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Jubulis J.,Johns Hopkins University | Jubulis J.,Maine Medical Center | Kinikar A.,Byramji Jeejeebhoy Medical College BJMC | Ithape M.,BJMC Clinical Trials Unit | And 10 more authors.
International Journal of Tuberculosis and Lung Disease | Year: 2014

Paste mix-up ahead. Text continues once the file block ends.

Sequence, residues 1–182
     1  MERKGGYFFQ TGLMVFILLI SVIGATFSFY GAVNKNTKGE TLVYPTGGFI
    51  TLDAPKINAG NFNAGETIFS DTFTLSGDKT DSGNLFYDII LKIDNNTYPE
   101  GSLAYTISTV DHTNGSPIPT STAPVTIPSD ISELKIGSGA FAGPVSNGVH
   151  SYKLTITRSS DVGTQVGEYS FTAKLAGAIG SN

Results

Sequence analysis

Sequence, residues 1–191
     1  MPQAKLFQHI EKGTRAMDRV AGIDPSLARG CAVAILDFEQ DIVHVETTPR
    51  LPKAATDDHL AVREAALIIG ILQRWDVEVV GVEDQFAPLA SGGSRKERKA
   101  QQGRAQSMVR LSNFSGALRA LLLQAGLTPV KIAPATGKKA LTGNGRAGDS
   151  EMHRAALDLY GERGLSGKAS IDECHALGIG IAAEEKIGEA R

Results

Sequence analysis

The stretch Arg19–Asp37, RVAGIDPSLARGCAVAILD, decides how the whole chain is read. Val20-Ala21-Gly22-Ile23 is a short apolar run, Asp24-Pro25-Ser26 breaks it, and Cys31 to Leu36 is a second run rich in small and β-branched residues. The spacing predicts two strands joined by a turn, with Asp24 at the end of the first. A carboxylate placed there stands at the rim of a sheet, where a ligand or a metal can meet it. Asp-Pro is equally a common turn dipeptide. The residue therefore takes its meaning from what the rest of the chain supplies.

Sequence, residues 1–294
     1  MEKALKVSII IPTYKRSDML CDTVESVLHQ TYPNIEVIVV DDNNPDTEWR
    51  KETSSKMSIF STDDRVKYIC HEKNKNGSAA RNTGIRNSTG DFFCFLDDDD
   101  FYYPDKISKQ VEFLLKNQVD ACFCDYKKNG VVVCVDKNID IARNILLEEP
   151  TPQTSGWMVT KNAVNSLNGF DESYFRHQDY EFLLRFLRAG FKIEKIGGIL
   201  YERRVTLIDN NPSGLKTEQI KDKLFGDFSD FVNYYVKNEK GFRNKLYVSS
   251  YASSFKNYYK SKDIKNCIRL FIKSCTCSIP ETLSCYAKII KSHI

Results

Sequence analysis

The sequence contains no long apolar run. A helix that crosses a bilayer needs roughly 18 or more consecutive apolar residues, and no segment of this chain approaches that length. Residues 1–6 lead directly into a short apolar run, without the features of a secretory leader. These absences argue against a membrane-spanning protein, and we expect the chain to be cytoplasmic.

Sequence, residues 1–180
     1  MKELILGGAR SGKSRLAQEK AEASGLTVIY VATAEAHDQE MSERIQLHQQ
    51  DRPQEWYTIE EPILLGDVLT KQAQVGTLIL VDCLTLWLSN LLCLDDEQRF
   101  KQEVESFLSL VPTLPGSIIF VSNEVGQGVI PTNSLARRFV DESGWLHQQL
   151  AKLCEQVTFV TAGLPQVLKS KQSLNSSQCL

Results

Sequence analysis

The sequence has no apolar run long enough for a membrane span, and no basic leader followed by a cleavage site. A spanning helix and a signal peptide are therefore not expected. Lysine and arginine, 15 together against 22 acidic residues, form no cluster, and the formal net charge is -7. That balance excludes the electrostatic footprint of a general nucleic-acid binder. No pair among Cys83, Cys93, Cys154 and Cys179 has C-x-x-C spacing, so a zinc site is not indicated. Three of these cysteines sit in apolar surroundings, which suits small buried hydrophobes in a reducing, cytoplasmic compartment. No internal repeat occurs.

SETTING: India accounts for the largest burden of tuberculosis (TB) worldwide, with 26% of the world's cases. OBJECTIVE: To assess the association between novel modifiable risk factors and TB in Indian children. DESIGN: Cases were children aged ≤5 years with c onfirmed/probable TB based on World Health Organization definitions (definition 1). Controls were healthy children aged ≤5 years. Logistic regression was performed to estimate the adjusted odds ratio (aOR) of being a TB case given exposure, including indoor air pollution (IAP; exposure to tobacco smoke and/or biomass fuels) and vitamin D deficiency. Cases were re-analyzed according to a new consensus research definition of pediatric TB (definition 2). RESULTS: Sixty cases and 118 controls were enrolled.Both groups had high levels of vitamin D deficiency (55% vs. 50%, P = 0.53). In multivariable analysis, TB was associated with household TB exposure (aOR 25.41, 95%CI 7.03-91.81), household food insecurity (aOR 11.55, 95%CI 3.33-40.15) and IAP exposure (aOR 2.67, 95%CI 1.02-6.97), but not vitamin D deficiency (aOR 1.00, 95%CI 0.38-2.66). Use of definition 2 reduced the number of cases to 25. In multivariate analysis, TB exposure, household food insecurity and IAP remained associated with TB. CONCLUSIONS: Household TB exposure, exposure to IAP and household food insecurity were independently associated with pediatric TB. © 2014 The Union.

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